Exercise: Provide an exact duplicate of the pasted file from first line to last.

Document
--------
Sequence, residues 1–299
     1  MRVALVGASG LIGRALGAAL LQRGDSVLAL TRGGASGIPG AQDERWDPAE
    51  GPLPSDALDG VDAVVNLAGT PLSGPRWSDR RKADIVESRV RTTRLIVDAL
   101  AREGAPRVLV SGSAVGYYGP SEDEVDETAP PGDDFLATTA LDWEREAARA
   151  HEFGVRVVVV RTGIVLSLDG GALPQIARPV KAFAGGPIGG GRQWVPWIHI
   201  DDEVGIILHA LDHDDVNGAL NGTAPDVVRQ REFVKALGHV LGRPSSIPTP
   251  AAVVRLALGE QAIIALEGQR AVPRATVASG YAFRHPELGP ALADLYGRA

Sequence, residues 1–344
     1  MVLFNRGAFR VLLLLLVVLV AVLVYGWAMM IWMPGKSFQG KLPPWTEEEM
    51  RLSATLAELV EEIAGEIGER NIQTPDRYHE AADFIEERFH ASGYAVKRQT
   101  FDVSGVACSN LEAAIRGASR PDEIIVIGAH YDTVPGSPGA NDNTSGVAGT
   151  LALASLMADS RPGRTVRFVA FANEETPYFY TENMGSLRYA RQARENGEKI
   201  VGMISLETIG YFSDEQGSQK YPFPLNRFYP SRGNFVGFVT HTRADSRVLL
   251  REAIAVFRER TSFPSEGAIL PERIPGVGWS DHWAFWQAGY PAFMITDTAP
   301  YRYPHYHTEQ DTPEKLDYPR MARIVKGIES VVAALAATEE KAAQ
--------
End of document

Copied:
Sequence, residues 1–299
     1  MRVALVGASG LIGRALGAAL LQRGDSVLAL TRGGASGIPG AQDERWDPAE
    51  GPLPSDALDG VDAVVNLAGT PLSGPRWSDR RKADIVESRV RTTRLIVDAL
   101  AREGAPRVLV SGSAVGYYGP SEDEVDETAP PGDDFLATTA LDWEREAARA
   151  HEFGVRVVVV RTGIVLSLDG GALPQIARPV KAFAGGPIGG GRQWVPWIHI
   201  DDEVGIILHA LDHDDVNGAL NGTAPDVVRQ REFVKALGHV LGRPSSIPTP
   251  AAVVRLALGE QAIIALEGQR AVPRATVASG YAFRHPELGP ALADLYGRA

Sequence, residues 1–344
     1  MVLFNRGAFR VLLLLLVVLV AVLVYGWAMM IWMPGKSFQG KLPPWTEEEM
    51  RLSATLAELV EEIAGEIGER NIQTPDRYHE AADFIEERFH ASGYAVKRQT
   101  FDVSGVACSN LEAAIRGASR PDEIIVIGAH YDTVPGSPGA NDNTSGVAGT
   151  LALASLMADS RPGRTVRFVA FANEETPYFY TENMGSLRYA RQARENGEKI
   201  VGMISLETIG YFSDEQGSQK YPFPLNRFYP SRGNFVGFVT HTRADSRVLL
   251  REAIAVFRER TSFPSEGAIL PERIPGVGWS DHWAFWQAGY PAFMITDTAP
   301  YRYPHYHTEQ DTPEKLDYPR MARIVKGIES VVAALAATEE KAAQ